This publication informs an audience of young and older cinephiles about the behind-the-scenes, well, scenes in the film business. It gives gossip, industry developments, and information about directors, films in the works, deals being made, and newcomers you don't know of—yet. Indie projects and big-budget efforts share space in its pages. Lavishly illustrated with cutting edge photography and film stills, this is more than a trade rag.

Celebrity biography/profile -- choose an actor/actress or director as your subject.
HEADLINE Up Close: (Actor/Director Name)
SUBHEAD TEXT Hollywood can't/couldn't get enough of this stalwart actor/director. With an inspired body of work that commands respect, (insert last name of actor or director) remains one of the most acclaimed legends of the silver screen.
BYLINE By Marion Curley
WHAT IT'S ALL ABOUT Design a two-spread feature** that focuses on a living or dead actor or director's career. You can use a real actor or director as the subject, as well as real films they've made (or invent some), along with other information factoids or graphics that relate to their career highlights. Think about what people would find engaging. You might want to go beyond using all portrait photography and find some photos of the actor/director behind the scenes on-set. Remember, you don't actually have to write the story, but use real names of the subject if you have display type, for example, pointing to a photo of Kate Winslet or Alfred Hitchcock.

Entertainment Magazine
This new publication targets young people from college age to young professionals. A clever, sometimes sharp-tongued magazine, it focuses on music, movies and television, with reviews, investigative stories, interviews and reader polls. This magazine isn't afraid to poke fun at the subjects it profiles.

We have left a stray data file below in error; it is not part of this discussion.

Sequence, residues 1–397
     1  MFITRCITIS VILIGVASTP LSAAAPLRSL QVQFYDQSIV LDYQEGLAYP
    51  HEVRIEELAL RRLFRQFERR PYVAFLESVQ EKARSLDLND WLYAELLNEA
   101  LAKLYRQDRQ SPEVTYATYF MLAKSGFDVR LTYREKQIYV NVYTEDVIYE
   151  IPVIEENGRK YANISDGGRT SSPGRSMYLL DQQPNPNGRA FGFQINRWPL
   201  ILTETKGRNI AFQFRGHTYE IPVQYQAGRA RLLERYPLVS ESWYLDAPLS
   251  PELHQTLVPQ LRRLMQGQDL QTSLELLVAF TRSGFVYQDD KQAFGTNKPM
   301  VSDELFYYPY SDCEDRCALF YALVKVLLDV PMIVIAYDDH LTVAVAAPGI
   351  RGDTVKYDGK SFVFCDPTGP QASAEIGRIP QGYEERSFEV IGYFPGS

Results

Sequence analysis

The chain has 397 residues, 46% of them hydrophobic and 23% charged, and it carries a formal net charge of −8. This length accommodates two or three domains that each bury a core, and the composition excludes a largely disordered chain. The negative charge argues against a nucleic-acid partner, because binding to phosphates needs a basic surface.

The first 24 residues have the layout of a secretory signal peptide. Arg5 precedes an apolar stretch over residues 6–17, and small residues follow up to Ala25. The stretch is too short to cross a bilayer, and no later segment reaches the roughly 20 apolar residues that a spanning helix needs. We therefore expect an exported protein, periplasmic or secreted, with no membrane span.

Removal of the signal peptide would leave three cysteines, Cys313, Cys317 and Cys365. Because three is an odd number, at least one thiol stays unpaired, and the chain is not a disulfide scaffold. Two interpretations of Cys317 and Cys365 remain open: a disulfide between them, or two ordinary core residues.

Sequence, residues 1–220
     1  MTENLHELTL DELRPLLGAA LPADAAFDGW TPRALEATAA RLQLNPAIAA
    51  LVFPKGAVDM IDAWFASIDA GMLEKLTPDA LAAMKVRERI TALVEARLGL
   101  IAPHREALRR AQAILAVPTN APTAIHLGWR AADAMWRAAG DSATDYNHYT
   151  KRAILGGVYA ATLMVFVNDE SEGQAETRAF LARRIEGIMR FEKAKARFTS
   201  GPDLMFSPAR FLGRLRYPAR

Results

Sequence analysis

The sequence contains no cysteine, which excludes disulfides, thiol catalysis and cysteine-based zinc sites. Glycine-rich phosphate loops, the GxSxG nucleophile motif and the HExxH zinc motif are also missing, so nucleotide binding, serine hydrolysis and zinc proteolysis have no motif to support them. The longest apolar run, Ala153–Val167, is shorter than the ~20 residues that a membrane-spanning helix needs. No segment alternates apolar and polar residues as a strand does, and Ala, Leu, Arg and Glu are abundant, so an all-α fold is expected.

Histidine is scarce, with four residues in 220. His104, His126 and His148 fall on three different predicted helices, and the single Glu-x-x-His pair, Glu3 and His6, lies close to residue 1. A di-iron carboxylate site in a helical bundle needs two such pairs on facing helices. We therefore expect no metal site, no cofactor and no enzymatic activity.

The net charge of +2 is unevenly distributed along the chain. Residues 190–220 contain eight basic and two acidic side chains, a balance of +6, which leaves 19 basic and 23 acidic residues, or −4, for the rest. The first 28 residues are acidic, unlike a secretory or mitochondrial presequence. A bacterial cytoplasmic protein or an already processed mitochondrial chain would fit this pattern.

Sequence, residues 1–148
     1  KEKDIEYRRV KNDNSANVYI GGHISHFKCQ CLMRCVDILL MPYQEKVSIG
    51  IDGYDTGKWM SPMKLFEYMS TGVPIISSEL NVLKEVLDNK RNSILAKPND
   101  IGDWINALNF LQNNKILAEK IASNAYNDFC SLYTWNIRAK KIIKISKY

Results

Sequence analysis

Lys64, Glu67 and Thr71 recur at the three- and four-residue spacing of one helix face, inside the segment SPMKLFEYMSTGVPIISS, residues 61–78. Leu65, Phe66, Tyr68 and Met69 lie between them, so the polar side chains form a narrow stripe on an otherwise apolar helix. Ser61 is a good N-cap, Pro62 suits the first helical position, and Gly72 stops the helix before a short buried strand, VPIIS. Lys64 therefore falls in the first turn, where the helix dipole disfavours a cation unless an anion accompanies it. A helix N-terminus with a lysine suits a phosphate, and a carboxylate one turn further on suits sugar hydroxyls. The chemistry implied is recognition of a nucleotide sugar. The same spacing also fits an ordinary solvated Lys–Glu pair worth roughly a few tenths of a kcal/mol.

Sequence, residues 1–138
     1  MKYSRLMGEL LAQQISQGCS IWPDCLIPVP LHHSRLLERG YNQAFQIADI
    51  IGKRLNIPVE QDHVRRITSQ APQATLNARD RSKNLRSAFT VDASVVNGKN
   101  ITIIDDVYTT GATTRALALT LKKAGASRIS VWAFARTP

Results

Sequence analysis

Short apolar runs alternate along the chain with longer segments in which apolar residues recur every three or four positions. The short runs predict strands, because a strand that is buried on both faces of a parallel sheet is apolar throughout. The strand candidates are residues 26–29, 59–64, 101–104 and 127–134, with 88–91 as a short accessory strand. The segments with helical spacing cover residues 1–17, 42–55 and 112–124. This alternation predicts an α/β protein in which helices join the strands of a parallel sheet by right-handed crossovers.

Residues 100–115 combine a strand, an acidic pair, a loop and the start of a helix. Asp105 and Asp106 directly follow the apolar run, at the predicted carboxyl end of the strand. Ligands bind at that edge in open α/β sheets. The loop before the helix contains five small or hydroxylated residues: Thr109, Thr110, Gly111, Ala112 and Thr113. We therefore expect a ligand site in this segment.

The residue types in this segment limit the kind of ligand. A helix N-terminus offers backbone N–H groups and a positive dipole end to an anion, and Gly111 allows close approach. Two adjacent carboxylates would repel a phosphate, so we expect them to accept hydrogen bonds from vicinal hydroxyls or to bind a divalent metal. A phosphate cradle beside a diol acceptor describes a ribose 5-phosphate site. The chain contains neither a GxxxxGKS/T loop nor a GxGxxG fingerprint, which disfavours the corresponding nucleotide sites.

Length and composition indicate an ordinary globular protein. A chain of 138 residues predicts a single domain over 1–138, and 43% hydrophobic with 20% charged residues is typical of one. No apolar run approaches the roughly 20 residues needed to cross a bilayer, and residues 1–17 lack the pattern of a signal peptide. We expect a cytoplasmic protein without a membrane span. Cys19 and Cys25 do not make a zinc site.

PROJECT Celebrity Interview -- choose a recording artist or group (Example: Weezer).
HEADLINE The headline will be the subject's name.
SUBHEAD TEXT Sex, drugs, and rock and roll are what the lyrics preach but to think that's what defines (him/her/them) would be a sin. The gospel according to (person or group name as headline)
BYLINE By Chemra Chavez.
WHAT IT'S ALL ABOUT Design a two-spread feature** that would appear in this magazine. There must be some text, but it does not have to begin on the first spread. Find great photos of your chosen artist, but think beyond the expected. Look for baby pictures, a great illustration, or maybe there's a way to illustrate him/her with type instead of an image. It's to your advantage not to choose your friend's band or someone too obscure. Think celebrity. Remember, you don't actually have to write the story, but use the band's real name if you have display type, for example, pointing to a photo of Weezer.

Sports Magazine
This publication is a must-read for young athletes and people obsessed with extreme sports and the lifestyle associated with them. It reviews new products, covers competitions and goes around the world to explore new sports. Writers interview sports super-stars as well as kids in the park. Style is a big focus of the magazine, and it regularly covers what athletes wear and where they hang out.

PROJECT Sports profile -- choose a sport (Example: Skateboarding).
HEADLINE "Extreme Rush" or "The Thrill of It"
SUBHEAD TEXT Danny (or Danielle) Way aced the (you add name here) Competition—this (name of sport) legend now owns the top spot. But it wasn't always this easy.
BYLINE By Katherine Geib